China on Wednesday claimed that the sovereignty over the Galwan Valley area in Ladakh "always belonged to it" but underlined that Beijing does not wish to see "more clashes," after the militaries of the two countries were engaged in the biggest confrontation in over five decades.
India's external affairs ministry on Tuesday said the violent confrontation between armies of India and China in eastern Ladakh was the result of an attempt by the Chinese side to unilaterally change the status quo in the region.
The ministry said both sides suffered casualties that could have been avoided had the agreement arrived earlier at the higher level been scrupulously followed by the Chinese side.
At a briefing at the Chinese foreign ministry, spokesman Zhao Lijian said the "sovereignty of the Galwan Valley area has always belonged to China," echoing a statement of the Chinese military on Tuesday, opening up another dispute.
When asked since Galwan is regarded as settled border and why China is claiming sovereignty over the area now, Zhao said, "regarding the mater of the Galwan area we are having communication through military and diplomatic channels. Right and wrong of this is very clear. This happened at the Chinese side of the border and China is not to be blamed for it."
He also refused to comment on reports of 43 casualties on the Chinese side during the face-off with the Indian Army in the Galwan Valley on Monday night.
"The border troops are dealing with relevant matter," he said.
When pointed out that the India has released the number of casualties and why Beijing was not providing the number for Chinese side, he said, "I have stated that Chinese and Indian border troops are now jointly dealing with the relevant matter on the ground. I have nothing to add at the moment."
"On the situation at the China-India border both sides are having close communication with each other to resolve this through diplomatic and military channels, Zhao said.
"The over all border situation is stable and controllable," he told correspondents to a volley of questions.
Responding to a question whether further clashes could be averted, the spokesman said, "from the Chinese side we do not wish to see more clashes."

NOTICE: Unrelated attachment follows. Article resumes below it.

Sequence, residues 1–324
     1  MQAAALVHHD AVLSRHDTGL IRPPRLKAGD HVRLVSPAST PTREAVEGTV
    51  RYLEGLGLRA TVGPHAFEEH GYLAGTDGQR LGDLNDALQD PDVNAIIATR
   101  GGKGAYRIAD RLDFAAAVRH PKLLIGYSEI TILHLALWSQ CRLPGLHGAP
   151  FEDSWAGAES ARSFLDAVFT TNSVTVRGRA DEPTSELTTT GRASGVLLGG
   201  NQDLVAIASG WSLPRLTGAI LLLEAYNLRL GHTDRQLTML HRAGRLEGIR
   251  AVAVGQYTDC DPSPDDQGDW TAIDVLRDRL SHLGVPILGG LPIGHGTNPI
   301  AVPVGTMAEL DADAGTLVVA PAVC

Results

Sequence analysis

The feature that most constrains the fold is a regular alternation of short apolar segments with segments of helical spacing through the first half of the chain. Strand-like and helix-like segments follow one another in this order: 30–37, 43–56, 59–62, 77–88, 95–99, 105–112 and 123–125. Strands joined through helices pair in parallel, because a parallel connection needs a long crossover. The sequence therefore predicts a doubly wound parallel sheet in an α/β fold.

"I belive you have noticed that China and India have both said that we are committed to resolve the differences through dialogue safeguarding peace and tranquillity in the border area.
"As the world's two biggest countries and emerging economies, the shared interest of China and India are far larger than the differences.
"Both sides should earnestly follow important consensus reached by the leaders of the two countries and ensure that the bilateral relationship can move forward in the right direction and that serves our people's interests and expectations. We hope India can work with China to this end," Zhao said.
Twenty Indian Army personnel, including a Colonel, were killed in the clash with Chinese troops in the Galwan Valley on Monday night, the biggest military confrontation in over five decades that has significantly escalated the already volatile border standoff between the two countries.
A large number of Indian and Chinese troops have been engaged in an eyeball-to-eyeball situation in Galwan Valley and certain other areas of eastern Ladakh for the last five weeks, including in Pangong Tso, Galwan Valley, Demchok and Daulat Beg Oldie in eastern Ladakh.
Monday's face-off was the biggest confrontation between the two militaries after their 1967 clashes in Nathu La when India lost around 80 soldiers while over 300 Chinese army personnel were killed in the face-off.
The Indian Army has been fiercely objecting to the transgressions, and demanded their immediate withdrawal for restoration of peace and tranquillity in the area. Both sides held a series of talks in the last few days to resolve the row.
The India-China border dispute covers the 3,488-km-long Line of Actual Control.
China claims Arunachal Pradesh as part of southern Tibet, while India contests it.